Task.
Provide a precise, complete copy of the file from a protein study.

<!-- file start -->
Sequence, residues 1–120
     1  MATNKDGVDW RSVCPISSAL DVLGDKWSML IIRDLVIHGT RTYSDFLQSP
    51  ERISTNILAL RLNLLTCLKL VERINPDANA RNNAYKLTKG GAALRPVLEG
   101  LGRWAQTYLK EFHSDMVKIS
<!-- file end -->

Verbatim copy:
Sequence, residues 1–120
     1  MATNKDGVDW RSVCPISSAL DVLGDKWSML IIRDLVIHGT RTYSDFLQSP
    51  ERISTNILAL RLNLLTCLKL VERINPDANA RNNAYKLTKG GAALRPVLEG
   101  LGRWAQTYLK EFHSDMVKIS